Visual item selection with voice assistants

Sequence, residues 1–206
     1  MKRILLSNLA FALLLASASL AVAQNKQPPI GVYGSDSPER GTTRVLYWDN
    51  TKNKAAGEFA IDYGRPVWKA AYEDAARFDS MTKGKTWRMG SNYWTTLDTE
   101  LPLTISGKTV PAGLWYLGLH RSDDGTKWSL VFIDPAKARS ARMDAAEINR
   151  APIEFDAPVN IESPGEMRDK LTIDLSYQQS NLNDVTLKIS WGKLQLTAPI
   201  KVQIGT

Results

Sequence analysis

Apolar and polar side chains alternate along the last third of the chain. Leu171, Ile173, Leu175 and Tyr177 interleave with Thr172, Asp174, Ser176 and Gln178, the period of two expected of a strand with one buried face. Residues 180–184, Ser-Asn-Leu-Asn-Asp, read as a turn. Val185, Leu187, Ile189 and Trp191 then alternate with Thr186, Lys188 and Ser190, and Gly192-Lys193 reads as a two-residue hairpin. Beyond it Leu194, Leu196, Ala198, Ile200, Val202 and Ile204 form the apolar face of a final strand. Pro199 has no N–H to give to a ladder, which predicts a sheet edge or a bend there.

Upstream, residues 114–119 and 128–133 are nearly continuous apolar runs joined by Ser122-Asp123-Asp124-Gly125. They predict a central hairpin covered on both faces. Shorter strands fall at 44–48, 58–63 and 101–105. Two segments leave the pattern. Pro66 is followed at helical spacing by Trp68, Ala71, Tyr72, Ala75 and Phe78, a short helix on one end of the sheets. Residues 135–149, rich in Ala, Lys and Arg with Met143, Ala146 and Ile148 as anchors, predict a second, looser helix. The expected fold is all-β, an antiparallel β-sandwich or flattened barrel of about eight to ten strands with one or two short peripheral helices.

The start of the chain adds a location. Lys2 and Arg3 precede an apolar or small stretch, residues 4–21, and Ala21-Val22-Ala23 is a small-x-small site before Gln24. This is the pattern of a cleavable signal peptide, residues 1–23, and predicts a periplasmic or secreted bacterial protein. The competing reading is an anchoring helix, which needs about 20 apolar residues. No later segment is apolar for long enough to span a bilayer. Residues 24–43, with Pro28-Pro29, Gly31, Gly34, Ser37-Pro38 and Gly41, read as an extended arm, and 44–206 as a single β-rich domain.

Interacting with voice assistants, such as Amazon Alexa to aid in day-to-day tasks has become a ubiquitous phenomenon in modernday households. These voice assistants often have screens to provide visual content (e.g., images, videos) to their users. There is an increasing trend of users shopping or searching for products using these devices, yet, these voice assistants do not support commands or queries that contain visual references to the content shown on screen (e.g., “blue one”, “red dress”). We introduce a novel multimodal visual shopping experience where the voice assistant is aware of the visual content shown on the screen and assists the user in item selection using natural language multi-modal interactions. We detail a practical, lightweight end-to-end system architecture spanning from model fine-tuning, deployment, to skill invocation on an Amazon Echo family device with a screen. We also define a niche “Visual Item Selection” task and evaluate whether we can effectively leverage publicly available multi-modal models, and embeddings produced from these models for the task. We show that open source contrastive embeddings like CLIP  and ALBEF  have zeroshot accuracy above 70% for the “Visual Item Selection” task on an internally collected visual shopping dataset. By further fine-tuning the embeddings, we obtain further gains of 8.6% to 24.0% in relative accuracy improvement over a baseline. The technology that enables our visual shopping assistant is available as an Alexa Skill in the Alexa Skills store.